Submitted to: Avian Diseases
Publication Type: Peer reviewed journal
Publication Acceptance Date: 8/30/2005
Publication Date: 3/1/2006
Citation: Jackson, C.R., Debnam, A.L., Barrett, J.B., Hofacre, C.L. 2006. Effect of subtherapeutic antimicrobials on genetic diversity of enterococcus faecium from chickens. Avian Diseases. 50(1):115-119. Interpretive Summary: Although the effect of growth promoting antimicrobials on antimicrobial susceptibility of Enterococcus faecium from poultry has been previously reported, information is lacking on what effect the antimicrobials have on the genetic diversity of this species. Enterococcus faecium is one of the most studied species of enterococci due to its ability to acquire multiple antimicrobial resistance genes and to cause disease in the immunocompromised human host. In this study, the effect of three growth promoting antimicrobials (bacitracin, flavomycin, and virginiamycin) on the genetic population of Enterococcus faecium from chick boxliners, litter, feed, and carcasses was determined. Results from the study indicated that genetic diversity of Enterococcus faecium was not altered by antimicrobial use and that poultry Enterococcus faecium are a very heterogeneous population. These data will assist researchers who study the effects of growth promotants on bacterial populations in poultry and will enable policy makers to make science based decisions regarding continued use of antimicrobials for growth promotion.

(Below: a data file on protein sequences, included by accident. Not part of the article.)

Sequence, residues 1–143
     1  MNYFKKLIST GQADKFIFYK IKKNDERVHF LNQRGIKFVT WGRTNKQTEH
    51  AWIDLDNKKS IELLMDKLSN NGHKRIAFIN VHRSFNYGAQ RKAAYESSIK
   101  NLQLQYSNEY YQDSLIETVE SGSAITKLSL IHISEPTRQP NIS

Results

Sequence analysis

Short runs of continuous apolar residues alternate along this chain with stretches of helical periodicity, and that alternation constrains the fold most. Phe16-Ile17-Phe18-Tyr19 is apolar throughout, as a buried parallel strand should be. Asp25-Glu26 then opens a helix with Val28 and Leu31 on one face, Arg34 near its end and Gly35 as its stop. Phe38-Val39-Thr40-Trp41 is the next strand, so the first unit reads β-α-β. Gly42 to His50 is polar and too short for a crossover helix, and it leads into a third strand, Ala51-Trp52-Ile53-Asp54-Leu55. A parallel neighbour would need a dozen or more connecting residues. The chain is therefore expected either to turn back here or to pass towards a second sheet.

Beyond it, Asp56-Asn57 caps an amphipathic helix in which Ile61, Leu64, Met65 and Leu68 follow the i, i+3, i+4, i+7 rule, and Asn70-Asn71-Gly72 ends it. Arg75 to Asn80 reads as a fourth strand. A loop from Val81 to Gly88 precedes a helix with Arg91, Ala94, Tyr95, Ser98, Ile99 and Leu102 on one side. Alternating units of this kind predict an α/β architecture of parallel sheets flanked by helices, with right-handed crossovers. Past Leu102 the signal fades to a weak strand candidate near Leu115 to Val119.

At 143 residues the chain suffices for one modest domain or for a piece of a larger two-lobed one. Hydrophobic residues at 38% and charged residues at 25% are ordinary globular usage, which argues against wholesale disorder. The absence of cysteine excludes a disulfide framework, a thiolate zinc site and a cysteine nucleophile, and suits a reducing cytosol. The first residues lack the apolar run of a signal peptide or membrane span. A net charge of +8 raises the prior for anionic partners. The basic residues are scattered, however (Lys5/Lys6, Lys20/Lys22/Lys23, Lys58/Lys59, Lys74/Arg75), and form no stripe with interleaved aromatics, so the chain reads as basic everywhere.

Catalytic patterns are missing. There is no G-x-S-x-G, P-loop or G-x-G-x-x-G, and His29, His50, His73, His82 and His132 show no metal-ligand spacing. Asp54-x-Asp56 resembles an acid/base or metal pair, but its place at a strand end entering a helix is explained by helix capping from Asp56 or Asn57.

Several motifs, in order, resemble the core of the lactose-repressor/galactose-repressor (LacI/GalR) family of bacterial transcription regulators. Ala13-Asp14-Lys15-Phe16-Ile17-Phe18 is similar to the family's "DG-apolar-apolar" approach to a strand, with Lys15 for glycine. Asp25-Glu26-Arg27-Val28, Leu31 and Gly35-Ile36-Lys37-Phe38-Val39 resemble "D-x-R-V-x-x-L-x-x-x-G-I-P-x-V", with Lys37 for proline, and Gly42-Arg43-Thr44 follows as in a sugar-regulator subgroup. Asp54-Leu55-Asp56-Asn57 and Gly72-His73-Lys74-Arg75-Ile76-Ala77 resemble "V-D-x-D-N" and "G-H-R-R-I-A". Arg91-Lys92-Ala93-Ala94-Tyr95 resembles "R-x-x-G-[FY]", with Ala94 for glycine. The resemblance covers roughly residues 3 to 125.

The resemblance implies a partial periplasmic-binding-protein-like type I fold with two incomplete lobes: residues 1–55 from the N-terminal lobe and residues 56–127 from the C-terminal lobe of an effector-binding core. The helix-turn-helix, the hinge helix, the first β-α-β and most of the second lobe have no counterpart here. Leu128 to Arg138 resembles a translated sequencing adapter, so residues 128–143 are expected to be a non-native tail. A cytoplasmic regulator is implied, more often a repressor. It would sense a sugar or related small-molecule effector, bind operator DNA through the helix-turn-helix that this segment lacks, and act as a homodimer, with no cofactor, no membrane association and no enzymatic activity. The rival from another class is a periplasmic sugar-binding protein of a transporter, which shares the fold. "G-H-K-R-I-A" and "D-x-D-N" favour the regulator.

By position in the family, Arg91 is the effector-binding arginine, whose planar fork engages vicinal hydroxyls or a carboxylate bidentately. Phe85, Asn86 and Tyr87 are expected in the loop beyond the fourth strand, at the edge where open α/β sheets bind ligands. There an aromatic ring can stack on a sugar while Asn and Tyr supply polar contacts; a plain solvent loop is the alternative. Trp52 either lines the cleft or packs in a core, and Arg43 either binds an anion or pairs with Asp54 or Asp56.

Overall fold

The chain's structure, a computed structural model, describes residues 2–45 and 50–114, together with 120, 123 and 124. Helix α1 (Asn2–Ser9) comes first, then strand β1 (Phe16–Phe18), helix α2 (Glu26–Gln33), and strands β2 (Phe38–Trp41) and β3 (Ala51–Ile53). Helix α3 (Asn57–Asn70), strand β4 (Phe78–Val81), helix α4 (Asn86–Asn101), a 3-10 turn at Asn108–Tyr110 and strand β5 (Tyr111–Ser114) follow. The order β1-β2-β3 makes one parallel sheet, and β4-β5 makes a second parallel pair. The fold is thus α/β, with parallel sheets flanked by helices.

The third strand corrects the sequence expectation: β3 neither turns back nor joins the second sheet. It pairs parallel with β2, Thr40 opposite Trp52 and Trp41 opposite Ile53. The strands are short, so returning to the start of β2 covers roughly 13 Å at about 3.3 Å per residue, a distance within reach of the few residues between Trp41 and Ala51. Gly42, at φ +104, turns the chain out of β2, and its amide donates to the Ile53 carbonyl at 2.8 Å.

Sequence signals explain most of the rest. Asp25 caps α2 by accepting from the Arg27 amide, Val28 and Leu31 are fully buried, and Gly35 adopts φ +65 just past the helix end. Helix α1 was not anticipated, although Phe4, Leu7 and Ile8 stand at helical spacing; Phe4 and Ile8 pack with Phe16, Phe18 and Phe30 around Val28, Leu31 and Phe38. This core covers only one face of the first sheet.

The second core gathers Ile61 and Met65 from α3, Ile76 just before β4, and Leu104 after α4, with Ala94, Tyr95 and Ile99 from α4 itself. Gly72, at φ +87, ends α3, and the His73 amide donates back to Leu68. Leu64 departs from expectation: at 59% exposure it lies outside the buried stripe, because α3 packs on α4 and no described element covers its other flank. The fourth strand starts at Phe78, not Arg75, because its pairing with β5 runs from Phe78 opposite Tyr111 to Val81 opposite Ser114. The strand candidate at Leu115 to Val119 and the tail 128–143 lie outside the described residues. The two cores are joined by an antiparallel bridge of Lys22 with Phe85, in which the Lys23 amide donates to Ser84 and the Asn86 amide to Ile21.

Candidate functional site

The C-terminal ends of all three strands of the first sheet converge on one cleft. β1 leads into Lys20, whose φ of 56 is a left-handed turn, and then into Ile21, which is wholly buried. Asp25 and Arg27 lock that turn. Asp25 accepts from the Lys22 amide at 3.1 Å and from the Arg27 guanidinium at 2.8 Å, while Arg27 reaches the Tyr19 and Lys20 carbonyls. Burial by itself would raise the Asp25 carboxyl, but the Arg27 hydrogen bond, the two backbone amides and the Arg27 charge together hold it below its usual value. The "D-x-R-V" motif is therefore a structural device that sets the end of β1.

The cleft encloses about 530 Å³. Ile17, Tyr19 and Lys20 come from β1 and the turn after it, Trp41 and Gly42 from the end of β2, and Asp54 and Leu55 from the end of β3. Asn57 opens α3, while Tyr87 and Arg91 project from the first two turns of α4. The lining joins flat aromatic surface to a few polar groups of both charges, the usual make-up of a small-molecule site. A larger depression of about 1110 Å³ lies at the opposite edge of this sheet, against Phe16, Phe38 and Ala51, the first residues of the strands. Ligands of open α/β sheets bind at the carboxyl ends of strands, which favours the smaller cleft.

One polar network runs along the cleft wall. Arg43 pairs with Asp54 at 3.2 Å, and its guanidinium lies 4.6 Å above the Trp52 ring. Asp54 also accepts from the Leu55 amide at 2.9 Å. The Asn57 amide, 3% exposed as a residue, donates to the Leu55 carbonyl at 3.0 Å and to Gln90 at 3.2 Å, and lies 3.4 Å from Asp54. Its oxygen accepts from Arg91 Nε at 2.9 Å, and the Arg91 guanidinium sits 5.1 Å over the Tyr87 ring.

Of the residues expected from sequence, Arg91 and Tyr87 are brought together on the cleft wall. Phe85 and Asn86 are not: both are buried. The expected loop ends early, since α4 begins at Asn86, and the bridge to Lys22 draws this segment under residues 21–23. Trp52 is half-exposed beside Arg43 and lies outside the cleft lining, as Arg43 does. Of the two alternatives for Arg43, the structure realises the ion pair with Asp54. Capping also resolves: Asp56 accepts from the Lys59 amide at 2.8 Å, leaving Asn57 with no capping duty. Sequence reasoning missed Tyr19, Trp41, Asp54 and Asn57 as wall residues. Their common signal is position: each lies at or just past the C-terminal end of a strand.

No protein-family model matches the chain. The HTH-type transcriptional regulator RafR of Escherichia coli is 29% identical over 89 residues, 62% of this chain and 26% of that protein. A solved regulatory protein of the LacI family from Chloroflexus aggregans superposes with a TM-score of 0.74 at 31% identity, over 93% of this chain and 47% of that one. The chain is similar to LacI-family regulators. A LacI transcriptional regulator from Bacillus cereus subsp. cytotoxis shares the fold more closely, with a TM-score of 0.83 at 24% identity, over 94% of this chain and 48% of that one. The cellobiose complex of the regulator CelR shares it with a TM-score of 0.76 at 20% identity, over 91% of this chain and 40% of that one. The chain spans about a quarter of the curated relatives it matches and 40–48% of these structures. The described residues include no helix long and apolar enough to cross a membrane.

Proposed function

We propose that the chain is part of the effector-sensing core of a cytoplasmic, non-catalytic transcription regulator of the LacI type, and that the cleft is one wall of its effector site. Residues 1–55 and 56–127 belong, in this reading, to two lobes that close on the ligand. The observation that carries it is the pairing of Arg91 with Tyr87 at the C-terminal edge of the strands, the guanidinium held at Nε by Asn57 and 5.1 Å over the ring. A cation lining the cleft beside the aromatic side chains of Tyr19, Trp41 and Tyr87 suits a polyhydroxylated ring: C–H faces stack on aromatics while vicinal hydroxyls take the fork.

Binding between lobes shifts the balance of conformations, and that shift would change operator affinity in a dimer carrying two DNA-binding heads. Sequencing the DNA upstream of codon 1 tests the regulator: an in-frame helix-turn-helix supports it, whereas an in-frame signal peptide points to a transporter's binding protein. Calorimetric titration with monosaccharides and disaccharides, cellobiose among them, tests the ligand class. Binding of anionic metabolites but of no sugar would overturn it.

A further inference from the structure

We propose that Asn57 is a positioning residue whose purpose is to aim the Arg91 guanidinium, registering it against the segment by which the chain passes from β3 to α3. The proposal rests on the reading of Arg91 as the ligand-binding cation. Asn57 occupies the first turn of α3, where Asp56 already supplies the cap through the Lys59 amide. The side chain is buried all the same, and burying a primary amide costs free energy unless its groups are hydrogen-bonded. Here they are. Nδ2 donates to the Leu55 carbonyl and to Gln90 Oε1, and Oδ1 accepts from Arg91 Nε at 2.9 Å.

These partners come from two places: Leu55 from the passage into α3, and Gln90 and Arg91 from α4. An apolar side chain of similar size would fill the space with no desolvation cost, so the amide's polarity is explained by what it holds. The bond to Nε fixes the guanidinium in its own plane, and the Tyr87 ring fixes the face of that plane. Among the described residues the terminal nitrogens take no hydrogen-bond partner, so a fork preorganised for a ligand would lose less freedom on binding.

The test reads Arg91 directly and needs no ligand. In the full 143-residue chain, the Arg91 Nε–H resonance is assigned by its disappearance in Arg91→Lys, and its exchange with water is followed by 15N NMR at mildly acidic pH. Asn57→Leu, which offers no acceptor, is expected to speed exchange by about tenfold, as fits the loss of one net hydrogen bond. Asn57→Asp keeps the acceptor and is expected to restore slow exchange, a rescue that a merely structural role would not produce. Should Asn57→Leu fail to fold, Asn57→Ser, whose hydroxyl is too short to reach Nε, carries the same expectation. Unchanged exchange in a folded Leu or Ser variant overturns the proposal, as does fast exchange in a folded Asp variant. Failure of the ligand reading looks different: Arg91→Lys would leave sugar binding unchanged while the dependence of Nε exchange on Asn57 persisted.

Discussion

Technical Abstract: The effect of growth promotants (bacitracin, virginiamycin, and flavomycin) on the genetic population of Enterococcus faecium isolated from a commercially integrated poultry farm was examined. A total of 551 Enterococcus faecium were isolated from chick boxliners (n=16), litter (n=334), feed (n=67), and carcass rinse (n=134) samples from four poultry houses. Two houses on the farm were control houses and did not use any antimicrobials while two other houses on the farm used flavomycin, virginiamycin, and bacitracin during six different poultry grow-outs. BOX-PCR and Pulsed-Field Gel Electrophoresis (PFGE) results indicated that Enterococcus faecium strains had a high degree of genetic diversity as overall clustering was independent of source, house, or grow-out. Similarity was greater than 60% for the majority of BOX-PCR genogroups and was greater than 80% for the majority of PFGE genogroups observed for a subset of carcass rinse samples (n=45). Seventy-nine percent (19/24) of isolates in BOX-PCR genogroup 2 also clustered in PFGE genogroup 2 although no association between the isolates and house or grow-out was observed. These results suggest that Enterococcus faecium from poultry are genetically diverse, and that growth-promoting antimicrobials do not affect the genetic population of Enterococcus faecium.